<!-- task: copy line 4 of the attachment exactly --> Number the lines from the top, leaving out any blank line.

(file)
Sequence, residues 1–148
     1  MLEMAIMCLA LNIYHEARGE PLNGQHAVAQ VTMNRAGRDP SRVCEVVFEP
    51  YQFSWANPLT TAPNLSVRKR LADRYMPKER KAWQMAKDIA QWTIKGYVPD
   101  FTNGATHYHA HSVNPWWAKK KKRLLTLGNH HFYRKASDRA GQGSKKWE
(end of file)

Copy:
   101  FTNGATHYHA HSVNPWWAKK KKRLLTLGNH HFYRKASDRA GQGSKKWE